Don’t blame e-tolls, Zuma: ANCYLComment on this story
Johannesburg - E-tolls and President Jacob Zuma were not the reason for the ANC's reduced support in Gauteng in the elections, the ANC Youth League said on Thursday.
“We... reject faceless sources in the ANC PEC (provincial executive committee) who continue to claim that our dismal performance should be attributed to the e-tolls in Gauteng in the main and on the image of the president in general,” ANCYL Tshwane regional task team convener Stene Maduna said in a speech prepared for delivery.
The governing party garnered 53.59 percent of votes in the province (64.04 percent in 2009) and 49.31 percent in Tshwane (59.95 percent in 2009).
The ANCYL described the party's election results in the province as “dismal” and “mediocre”.
“The ANCYL in Tshwane is utterly shocked, embarrassed and deeply ashamed to be associated with the mediocre results drawn by the ANC in the City of Tshwane,” said Maduna.
He maintained that Zuma and the e-tolls did not contribute to the reduced support in the area and referred to other issues as contributing factors.
He blamed “factionalism, deep-seated divisions, gate keeping of membership, defiance of the ANC NEC 1/8national executive committee 3/8 and unconstitutional suspensions of many of our members in the region”.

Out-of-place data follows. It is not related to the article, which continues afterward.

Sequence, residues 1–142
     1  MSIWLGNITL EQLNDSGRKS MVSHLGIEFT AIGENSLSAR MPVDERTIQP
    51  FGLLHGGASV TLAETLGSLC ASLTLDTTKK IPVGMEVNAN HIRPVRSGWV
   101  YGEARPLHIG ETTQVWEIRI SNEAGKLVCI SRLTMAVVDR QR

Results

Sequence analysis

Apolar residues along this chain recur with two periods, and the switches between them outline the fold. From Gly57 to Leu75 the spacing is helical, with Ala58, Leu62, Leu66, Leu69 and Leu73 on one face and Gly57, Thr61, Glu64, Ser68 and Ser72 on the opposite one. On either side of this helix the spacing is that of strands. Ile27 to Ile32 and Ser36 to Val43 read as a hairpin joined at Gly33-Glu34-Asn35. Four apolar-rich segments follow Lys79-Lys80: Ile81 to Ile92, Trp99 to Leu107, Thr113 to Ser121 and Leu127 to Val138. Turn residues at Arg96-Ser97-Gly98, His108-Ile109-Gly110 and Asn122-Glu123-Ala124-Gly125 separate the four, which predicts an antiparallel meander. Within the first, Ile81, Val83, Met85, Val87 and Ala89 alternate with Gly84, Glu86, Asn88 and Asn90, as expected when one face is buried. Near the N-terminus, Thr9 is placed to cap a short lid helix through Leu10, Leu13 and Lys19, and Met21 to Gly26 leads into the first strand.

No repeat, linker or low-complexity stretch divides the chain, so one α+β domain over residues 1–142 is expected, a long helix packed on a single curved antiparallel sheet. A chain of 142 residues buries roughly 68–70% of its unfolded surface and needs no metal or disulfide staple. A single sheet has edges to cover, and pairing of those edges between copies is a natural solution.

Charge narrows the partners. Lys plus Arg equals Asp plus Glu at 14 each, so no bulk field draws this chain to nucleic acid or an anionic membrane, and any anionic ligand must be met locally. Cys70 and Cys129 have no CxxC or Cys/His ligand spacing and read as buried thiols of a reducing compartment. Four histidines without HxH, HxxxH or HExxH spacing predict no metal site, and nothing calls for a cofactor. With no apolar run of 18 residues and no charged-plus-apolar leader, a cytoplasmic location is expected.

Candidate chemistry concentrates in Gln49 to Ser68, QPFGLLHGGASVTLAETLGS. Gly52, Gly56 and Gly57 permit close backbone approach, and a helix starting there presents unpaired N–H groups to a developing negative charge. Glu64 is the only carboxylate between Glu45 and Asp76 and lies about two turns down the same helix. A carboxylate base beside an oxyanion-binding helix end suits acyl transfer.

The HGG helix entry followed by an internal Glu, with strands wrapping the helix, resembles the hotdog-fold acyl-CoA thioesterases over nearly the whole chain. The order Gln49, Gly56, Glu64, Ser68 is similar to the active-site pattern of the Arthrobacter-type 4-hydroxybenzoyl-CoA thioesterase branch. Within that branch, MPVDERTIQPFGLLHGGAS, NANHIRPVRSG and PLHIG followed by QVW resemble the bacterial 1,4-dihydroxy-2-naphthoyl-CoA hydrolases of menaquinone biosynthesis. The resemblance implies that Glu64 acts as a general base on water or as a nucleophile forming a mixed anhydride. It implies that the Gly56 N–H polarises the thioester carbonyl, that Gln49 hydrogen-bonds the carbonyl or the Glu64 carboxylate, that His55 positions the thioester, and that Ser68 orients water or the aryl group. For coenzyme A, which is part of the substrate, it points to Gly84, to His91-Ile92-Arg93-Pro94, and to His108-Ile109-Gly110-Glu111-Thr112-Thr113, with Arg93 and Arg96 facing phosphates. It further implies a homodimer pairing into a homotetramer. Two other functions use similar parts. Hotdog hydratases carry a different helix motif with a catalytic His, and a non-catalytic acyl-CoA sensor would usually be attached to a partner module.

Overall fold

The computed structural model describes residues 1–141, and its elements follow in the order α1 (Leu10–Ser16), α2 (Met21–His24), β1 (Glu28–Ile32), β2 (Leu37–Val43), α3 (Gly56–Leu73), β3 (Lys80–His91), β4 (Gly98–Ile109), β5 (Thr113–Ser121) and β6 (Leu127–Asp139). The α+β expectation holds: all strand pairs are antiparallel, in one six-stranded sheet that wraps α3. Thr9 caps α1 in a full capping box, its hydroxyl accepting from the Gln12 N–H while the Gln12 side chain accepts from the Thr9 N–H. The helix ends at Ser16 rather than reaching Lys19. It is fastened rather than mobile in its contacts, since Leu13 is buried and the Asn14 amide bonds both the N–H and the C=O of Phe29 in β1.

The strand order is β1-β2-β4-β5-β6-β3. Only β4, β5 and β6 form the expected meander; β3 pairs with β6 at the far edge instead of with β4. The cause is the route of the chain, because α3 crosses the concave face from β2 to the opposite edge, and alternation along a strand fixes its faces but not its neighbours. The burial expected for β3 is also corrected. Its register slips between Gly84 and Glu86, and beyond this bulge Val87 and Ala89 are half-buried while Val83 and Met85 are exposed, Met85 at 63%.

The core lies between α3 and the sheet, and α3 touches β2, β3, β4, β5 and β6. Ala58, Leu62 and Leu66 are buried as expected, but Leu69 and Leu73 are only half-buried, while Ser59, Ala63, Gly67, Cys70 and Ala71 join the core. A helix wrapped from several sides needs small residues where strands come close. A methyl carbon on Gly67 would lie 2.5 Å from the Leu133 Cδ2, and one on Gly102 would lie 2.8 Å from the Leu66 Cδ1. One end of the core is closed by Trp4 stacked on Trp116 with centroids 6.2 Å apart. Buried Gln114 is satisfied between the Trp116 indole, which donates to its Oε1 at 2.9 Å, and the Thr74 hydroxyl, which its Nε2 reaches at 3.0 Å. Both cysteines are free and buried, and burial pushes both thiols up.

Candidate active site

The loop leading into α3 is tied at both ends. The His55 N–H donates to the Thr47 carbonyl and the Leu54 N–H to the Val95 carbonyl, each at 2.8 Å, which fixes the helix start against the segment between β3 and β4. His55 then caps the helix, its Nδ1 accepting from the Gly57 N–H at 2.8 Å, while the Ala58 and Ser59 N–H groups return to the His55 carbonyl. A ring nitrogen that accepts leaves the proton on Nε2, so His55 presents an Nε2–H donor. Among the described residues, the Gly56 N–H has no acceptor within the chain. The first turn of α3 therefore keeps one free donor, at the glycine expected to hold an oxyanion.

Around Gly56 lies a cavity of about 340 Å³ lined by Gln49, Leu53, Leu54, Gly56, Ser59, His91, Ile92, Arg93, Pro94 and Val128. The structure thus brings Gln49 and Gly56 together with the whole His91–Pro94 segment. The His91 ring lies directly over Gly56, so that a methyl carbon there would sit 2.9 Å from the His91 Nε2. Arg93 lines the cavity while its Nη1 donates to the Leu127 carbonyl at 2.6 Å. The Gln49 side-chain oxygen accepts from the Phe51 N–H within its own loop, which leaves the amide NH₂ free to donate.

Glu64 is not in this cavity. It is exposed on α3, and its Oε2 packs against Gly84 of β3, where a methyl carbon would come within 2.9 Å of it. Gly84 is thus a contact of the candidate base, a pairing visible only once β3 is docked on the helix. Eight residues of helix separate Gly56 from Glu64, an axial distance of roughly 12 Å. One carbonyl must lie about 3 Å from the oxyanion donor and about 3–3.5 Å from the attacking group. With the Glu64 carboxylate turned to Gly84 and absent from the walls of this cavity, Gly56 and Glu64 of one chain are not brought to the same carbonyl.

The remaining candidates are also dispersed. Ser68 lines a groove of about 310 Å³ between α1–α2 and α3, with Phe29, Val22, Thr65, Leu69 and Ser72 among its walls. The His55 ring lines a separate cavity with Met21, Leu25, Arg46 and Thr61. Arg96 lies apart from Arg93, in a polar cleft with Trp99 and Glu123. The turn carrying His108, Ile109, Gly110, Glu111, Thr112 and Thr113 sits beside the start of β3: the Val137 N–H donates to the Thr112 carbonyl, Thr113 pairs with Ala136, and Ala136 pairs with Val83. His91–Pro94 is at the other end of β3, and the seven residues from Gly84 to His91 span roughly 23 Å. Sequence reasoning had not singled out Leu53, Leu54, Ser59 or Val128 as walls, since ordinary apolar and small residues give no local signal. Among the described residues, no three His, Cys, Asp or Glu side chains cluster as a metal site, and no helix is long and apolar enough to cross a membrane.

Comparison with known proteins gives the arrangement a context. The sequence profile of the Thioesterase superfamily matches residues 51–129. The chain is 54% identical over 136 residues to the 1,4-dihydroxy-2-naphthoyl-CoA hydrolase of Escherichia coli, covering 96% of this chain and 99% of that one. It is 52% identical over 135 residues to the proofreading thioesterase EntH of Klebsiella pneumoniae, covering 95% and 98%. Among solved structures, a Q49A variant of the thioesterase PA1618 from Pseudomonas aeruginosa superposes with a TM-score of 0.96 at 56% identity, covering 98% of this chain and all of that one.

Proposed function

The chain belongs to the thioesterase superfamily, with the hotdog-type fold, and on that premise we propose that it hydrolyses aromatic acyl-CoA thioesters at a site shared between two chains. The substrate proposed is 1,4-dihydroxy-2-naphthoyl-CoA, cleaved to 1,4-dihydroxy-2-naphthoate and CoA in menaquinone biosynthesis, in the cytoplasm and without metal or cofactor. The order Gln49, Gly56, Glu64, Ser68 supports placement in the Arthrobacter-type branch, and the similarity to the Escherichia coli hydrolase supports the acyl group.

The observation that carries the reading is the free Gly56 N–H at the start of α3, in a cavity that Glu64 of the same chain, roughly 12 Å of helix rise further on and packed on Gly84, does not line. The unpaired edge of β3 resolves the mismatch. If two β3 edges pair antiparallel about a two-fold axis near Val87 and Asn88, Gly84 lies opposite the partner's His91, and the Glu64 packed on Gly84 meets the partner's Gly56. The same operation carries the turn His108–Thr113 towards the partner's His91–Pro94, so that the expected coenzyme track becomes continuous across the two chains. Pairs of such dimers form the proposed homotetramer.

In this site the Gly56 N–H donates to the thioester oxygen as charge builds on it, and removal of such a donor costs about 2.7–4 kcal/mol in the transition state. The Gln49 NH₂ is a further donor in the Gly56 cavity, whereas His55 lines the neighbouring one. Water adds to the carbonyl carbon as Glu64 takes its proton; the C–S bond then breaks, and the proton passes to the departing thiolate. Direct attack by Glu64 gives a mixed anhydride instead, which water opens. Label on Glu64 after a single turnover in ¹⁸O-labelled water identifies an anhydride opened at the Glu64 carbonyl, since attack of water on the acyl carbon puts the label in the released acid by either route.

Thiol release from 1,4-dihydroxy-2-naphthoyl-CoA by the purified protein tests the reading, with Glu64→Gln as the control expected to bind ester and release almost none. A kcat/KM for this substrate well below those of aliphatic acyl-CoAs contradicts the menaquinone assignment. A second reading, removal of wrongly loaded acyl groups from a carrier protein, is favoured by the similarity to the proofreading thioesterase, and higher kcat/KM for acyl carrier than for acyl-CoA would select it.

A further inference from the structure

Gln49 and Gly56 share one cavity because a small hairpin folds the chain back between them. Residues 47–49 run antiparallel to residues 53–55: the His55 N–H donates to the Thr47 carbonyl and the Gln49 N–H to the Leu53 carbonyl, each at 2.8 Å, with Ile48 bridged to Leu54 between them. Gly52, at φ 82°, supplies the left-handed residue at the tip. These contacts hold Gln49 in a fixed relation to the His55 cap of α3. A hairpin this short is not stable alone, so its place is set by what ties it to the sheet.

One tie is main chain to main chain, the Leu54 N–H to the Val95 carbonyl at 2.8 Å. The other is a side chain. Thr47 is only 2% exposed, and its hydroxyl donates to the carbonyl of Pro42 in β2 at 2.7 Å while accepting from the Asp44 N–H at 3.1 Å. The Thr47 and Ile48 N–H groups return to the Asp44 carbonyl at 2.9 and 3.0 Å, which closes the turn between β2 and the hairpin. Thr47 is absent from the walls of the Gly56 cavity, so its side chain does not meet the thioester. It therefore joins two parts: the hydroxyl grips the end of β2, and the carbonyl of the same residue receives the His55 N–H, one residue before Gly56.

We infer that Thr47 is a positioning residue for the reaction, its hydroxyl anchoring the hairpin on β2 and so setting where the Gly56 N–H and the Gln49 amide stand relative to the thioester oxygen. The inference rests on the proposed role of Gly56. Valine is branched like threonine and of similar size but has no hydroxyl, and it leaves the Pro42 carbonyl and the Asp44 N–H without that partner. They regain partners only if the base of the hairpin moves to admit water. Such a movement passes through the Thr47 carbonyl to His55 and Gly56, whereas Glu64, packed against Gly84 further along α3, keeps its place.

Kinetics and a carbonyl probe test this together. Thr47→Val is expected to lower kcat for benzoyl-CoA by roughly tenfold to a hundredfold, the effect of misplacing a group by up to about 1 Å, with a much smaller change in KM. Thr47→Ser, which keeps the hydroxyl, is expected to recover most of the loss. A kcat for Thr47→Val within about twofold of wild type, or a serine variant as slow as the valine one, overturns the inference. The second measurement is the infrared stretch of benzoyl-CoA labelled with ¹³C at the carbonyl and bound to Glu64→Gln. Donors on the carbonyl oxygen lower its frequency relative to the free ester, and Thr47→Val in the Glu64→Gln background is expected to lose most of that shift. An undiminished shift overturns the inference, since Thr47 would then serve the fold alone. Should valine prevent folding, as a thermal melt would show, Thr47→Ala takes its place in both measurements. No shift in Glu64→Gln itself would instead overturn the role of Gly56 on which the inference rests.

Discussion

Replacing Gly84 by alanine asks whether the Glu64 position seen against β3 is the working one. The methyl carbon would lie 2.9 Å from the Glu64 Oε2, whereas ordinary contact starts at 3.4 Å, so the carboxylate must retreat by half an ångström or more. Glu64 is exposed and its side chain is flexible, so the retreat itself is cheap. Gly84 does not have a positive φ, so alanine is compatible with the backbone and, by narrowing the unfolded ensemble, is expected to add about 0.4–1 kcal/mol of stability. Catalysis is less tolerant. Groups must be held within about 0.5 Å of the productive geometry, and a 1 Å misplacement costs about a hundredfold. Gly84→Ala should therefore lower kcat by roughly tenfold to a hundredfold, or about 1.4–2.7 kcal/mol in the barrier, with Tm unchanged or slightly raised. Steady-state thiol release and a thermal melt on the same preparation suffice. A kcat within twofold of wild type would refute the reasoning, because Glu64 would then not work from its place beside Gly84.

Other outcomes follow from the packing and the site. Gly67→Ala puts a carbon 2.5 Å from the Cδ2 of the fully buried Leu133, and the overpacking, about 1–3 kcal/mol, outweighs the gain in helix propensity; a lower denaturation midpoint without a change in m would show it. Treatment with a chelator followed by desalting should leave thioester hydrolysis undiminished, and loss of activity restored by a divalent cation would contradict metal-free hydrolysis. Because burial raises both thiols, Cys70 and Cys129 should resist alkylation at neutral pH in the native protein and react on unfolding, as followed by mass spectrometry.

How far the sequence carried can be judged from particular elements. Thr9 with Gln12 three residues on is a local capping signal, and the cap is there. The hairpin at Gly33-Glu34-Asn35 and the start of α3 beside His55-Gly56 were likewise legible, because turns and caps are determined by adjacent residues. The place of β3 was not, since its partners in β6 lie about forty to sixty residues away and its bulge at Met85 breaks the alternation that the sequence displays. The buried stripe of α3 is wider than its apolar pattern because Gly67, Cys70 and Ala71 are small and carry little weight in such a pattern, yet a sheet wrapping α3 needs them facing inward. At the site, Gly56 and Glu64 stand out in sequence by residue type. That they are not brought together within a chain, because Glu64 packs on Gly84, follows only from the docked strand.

Poor electioneering in Tshwane and Gauteng were also to blame.
If Zuma or the R246 million spent on security upgrades to his private Nkandla homestead in KwaZulu-Natal was an issue among voters, the party would not have won by such a large percentage in the region or the province.
The ANC retained control of that province with 64.52 percent of the vote.
“If people of Nkandla and KwaZulu-Natal vote for the ANC in their numbers, this has to be construed to mean that they do not view the buildings on the homestead as a valid election concern.”
He said Nkandla was not a concern to Gauteng residents, as the province had an excellent service delivery record and was improving delivery of basic services.
The controversial e-toll system was also not the reason for the reduced support, as most people in the province used public transport and were exempt from paying e-toll fees, Maduna said.
“As the ANCYL in Tshwane we are convinced that the real reasons for the dismal performance of the ANC in these elections has more to do with internal party contradictions than with any of the shallow excuses thrown around to confuse and mislead.”
Gauteng ANC spokesman Nkenke Kekana declined to comment.